Thus, physicians must not play a passive role and limit themselves to the offering of written information following patient wishes. They have to complement this written information with oral information, including their expert opinion and advice. Physicians must not use coercion but persuasion.

The signed form must be only a warranty that the patient has not accepted a long list of possible risks almost coercively, but has understood a proposal with its inherent risks-to-benefits balance (5).

Although providing patients with an IC document is a routine activity in clinical practice, the philosophy of IC has not been well understood by both patients and physicians.

Physicians may see it as a legal imposition to avoid litigation or as a detriment in their decision-making capacity. Patients may feel it is a way to share responsibility not for the decision but for complications, thus releasing physicians from this responsibility. Moreover, a patient may become a health system user with the right to obtain results, and go to court should these fail to materialize (6). Some authors think that patients adopt this attitude when IC forms are their only source of information (7).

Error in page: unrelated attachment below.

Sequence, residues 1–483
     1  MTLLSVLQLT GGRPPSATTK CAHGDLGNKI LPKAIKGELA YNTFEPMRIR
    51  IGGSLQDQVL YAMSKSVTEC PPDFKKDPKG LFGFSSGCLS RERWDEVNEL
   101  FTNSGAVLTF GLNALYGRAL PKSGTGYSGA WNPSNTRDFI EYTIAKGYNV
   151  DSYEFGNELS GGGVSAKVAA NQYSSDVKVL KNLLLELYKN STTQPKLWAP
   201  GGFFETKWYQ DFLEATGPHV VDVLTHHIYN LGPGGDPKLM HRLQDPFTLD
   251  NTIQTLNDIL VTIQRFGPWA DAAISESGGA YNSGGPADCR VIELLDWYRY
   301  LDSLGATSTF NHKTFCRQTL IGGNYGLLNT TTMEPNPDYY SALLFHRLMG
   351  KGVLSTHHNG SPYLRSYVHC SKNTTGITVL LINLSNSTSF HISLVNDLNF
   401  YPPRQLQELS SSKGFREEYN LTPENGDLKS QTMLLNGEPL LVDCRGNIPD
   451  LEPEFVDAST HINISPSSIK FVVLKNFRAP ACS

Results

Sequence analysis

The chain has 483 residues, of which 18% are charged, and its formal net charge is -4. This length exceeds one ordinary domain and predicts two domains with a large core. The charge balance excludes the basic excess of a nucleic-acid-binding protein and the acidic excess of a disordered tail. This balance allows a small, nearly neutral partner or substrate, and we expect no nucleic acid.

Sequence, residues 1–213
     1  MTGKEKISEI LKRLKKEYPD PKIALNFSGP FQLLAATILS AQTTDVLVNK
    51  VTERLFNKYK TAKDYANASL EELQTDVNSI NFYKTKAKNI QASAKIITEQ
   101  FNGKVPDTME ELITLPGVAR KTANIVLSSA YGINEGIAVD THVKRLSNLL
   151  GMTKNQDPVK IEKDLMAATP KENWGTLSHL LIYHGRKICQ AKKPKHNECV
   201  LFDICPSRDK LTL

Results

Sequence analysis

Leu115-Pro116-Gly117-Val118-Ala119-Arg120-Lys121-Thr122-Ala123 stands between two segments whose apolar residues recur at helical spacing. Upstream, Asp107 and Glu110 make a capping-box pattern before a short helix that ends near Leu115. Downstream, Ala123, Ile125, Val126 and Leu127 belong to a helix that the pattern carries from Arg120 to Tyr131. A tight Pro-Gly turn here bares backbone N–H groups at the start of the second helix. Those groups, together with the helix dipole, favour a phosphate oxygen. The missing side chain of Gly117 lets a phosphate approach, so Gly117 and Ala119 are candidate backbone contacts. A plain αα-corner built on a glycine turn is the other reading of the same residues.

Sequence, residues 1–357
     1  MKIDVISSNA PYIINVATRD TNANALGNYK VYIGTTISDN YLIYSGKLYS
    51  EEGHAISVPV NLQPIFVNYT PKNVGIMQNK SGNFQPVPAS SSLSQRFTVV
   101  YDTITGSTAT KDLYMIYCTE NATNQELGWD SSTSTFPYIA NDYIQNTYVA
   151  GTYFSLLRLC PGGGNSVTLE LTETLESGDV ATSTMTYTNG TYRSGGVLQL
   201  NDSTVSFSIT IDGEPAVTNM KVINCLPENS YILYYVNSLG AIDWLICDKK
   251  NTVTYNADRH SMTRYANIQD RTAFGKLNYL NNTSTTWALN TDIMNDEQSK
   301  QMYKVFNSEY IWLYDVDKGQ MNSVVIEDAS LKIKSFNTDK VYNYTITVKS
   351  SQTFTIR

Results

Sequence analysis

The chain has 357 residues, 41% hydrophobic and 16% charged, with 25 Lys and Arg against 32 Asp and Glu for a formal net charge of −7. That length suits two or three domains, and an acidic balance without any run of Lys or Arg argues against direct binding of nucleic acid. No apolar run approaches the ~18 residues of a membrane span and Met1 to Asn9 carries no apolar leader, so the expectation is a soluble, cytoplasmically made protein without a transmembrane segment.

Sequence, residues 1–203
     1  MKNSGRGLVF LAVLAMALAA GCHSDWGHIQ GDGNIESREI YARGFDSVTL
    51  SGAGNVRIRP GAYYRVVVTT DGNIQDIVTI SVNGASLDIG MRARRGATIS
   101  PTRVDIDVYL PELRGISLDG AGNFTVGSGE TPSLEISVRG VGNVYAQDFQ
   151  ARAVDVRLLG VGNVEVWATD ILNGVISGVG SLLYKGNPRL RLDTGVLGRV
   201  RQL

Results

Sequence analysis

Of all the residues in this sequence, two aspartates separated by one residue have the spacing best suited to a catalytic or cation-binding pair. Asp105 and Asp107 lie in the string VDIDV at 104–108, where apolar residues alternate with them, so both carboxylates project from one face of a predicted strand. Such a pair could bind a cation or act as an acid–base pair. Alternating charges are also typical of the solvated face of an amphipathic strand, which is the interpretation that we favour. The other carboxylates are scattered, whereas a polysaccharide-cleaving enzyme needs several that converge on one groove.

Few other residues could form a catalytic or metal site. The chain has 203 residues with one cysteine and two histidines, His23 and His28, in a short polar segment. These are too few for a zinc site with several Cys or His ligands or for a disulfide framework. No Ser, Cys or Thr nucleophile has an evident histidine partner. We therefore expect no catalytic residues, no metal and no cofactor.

In our country, the IC process, with the right of patients and their families to receive adequate information regarding their diagnosis, prognosis and treatment is ethically, legally, and deontologically supported (8).

In our endoscopy unit we use different IC forms adapted to the various endoscopic explorations. These IC forms were developed in 1996 by an IC Expert Committee for Navarre, which had the mission of progressively developing and implementing IC forms in hospitals in this region (9).